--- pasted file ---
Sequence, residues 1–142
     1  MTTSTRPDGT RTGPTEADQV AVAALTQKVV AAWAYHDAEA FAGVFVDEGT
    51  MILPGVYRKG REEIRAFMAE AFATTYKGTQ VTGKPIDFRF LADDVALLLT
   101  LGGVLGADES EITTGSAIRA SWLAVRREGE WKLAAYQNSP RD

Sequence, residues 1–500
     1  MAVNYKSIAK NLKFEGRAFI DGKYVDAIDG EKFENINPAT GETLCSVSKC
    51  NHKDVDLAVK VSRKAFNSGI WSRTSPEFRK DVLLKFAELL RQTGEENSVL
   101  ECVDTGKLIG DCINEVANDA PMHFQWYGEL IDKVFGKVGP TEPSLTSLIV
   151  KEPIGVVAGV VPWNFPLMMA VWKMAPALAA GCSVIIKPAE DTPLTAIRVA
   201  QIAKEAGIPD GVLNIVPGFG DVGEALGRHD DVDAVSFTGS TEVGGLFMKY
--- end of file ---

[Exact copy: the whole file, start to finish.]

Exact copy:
Sequence, residues 1–142
     1  MTTSTRPDGT RTGPTEADQV AVAALTQKVV AAWAYHDAEA FAGVFVDEGT
    51  MILPGVYRKG REEIRAFMAE AFATTYKGTQ VTGKPIDFRF LADDVALLLT
   101  LGGVLGADES EITTGSAIRA SWLAVRREGE WKLAAYQNSP RD

Sequence, residues 1–500
     1  MAVNYKSIAK NLKFEGRAFI DGKYVDAIDG EKFENINPAT GETLCSVSKC
    51  NHKDVDLAVK VSRKAFNSGI WSRTSPEFRK DVLLKFAELL RQTGEENSVL
   101  ECVDTGKLIG DCINEVANDA PMHFQWYGEL IDKVFGKVGP TEPSLTSLIV
   151  KEPIGVVAGV VPWNFPLMMA VWKMAPALAA GCSVIIKPAE DTPLTAIRVA
   201  QIAKEAGIPD GVLNIVPGFG DVGEALGRHD DVDAVSFTGS TEVGGLFMKY